Diversity numbers highlight successes, challenges

Regents applaud student gains but voice concern over faculty, staff figures

The University of Colorado’s Boulder, Colorado Springs and Denver campuses have posted impressive gains the past few years in the number of ethnic minority students both enrolled and awarded degrees, the Board of Regents heard Tuesday.

In the past decade, CU Colorado Springs has more than doubled its minority student population, from 1,143 in 2005 to 2,773 in 2014. CU-Boulder is at 5,595, up from 3,572, and CU Denver enrollment is at 3,954 compared to 2,065 in 2005.

During the annual diversity report presentation at the CU Board of Regent’s June 23 meeting at CU Anschutz, regents applauded the campuses’ efforts and commended the work of the diversity officers. However, they voiced concern over the minority demographic among faculty and staff. Across its campuses, CU averages less than 20 percent of its faculty and fewer than 25 percent of its staff identifying as ethnic minorities.

“We have lots to celebrate regarding our students’ access, but I don’t think our numbers for staff reflect the minority population,” said Regent Glen Gallegos, R-Grand Junction. “We hear this as an issue every year. When you talk about regent laws and policies and it talks about diversity and inclusion – and as a public university – we need to mirror what the rest of the state looks like.” The U.S. Census Bureau reported in 2013 the state of Colorado had a 33 percent minority population.

Robert Boswell, vice chancellor for diversity and inclusiveness at CU-Boulder, said attracting and retaining minority faculty and staff is a challenge at higher education institutions across the country. At CU-Boulder, 19 percent of instructional faculty – including tenured, non-tenure track and research instructors – and 24 percent of staff identified as ethnic minorities. Minorities are characterized as African-American, Asian-American, American Indian, Hispanic/Latino, Native Hawaiian/Pacific Islander and more than one race.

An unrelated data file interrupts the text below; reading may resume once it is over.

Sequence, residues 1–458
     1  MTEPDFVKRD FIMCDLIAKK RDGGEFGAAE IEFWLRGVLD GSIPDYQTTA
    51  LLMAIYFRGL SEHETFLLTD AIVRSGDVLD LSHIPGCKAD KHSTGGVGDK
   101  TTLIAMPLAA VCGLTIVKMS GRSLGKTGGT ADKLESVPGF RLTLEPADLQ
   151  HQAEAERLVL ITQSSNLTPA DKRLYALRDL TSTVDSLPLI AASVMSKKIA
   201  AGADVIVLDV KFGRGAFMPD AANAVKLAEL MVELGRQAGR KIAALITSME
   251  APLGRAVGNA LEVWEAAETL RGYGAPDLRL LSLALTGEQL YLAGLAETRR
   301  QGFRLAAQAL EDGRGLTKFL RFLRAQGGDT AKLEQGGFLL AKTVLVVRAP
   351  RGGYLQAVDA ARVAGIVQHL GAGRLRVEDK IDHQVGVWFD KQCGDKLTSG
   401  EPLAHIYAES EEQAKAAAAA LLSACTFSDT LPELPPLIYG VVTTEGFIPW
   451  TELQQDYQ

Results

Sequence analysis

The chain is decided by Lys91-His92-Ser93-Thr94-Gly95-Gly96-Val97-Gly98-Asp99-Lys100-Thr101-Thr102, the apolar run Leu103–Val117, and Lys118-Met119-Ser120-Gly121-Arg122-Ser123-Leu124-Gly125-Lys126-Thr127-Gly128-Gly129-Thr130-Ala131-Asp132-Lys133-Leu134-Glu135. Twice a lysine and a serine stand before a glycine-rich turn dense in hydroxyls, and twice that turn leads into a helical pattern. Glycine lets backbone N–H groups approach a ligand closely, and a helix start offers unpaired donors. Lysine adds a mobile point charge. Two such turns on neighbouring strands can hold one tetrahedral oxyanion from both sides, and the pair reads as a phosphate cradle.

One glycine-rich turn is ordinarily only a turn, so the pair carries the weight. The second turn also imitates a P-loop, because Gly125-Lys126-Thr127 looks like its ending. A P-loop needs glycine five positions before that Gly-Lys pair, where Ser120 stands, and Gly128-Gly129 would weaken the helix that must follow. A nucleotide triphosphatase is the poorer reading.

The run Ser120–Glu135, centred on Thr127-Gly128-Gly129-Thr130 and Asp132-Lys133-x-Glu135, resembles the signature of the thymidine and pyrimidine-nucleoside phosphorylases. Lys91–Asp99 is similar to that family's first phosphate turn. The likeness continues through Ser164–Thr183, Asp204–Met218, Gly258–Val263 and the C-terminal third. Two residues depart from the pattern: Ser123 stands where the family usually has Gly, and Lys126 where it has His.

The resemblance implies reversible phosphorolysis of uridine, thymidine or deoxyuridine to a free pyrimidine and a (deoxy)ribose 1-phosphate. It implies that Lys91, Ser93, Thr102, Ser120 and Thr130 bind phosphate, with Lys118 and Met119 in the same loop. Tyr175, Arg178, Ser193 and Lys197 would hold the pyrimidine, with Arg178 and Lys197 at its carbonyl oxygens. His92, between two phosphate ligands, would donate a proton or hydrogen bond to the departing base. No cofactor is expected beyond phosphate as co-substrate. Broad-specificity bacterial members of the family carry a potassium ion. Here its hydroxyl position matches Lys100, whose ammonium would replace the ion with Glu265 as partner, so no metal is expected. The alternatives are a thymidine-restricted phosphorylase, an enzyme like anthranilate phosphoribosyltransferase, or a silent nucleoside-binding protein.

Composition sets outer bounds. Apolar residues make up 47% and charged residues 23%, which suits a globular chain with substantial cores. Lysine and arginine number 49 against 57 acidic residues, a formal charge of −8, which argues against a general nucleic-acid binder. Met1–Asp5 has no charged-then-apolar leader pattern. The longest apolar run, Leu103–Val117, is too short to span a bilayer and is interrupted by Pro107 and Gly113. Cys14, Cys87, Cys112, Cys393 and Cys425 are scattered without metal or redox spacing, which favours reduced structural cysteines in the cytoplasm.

Boswell said peer institutions across the country, such as the University of Michigan, are collectively averaging 9.1 percent minority representation among faculty. CU-Boulder is taking part in a consortium with peer institutions to encourage faculty diversity though the Chancellor’s Postdoctoral Fellowship Program. Through the program, CU-Boulder recruited about 100 candidates whose work, research, teaching and service would contribute to diversity at the university. In comparison, the University of Michigan received only 50 applicants, he said. Positions at CU-Boulder were offered to five candidates, two of whom accepted.

Kee Warner, associate vice chancellor of inclusion and academic engagement at CU Colorado Springs, said the disparity is an ongoing issue. At UCCS, 15 percent of tenured or tenure-track faculty and 21 percent of staff identify as ethnic minorities. He said the minority faculty and staff population had dropped 1 percent from the past year.

“We’re working with the Human Resources Office to develop a new program for training ‘diversity champions,’” he said. More than 130 faculty and staff have been trained and are regularly assigned to search committees, he reported.

Brenda Allen, associate vice chancellor of diversity and inclusion at CU Denver | Anschutz Medical Campus, said the campuses’ percentage of minority faculty was 15 percent of tenure track and 9 percent of non-tenure-track instructors identifying as minorities. She praised the efforts of Faculty Council, which has recommended that diversity and inclusion activities be factored into faculty evaluations.

“The more we do to establish the University of Colorado as a university that is committed to diversity and inclusion in a variety of ways, the word will get out, people will become attracted,” Allen said.

The diversity officers and board agreed on the importance of expanding the definition of diversity beyond ethnic minorities to include GLBTI, veterans and diversity of political and philosophical thought.

“We’re doing so much better than we have in the past,” said Regent Irene Griego, D-Denver. “Sometimes you have to look to growing our own. We have to start with young people, working with them so they can visualize themselves as a professor with tenure at the University of Colorado.”

Gallegos asked that CU Anschutz Medical Campus be broken out as an individual campus when reporting the diversity statistics in the future. He also suggested the board determine guidelines or goals, “so every year we don’t hear we haven’t improved or we haven’t gotten anywhere with it.”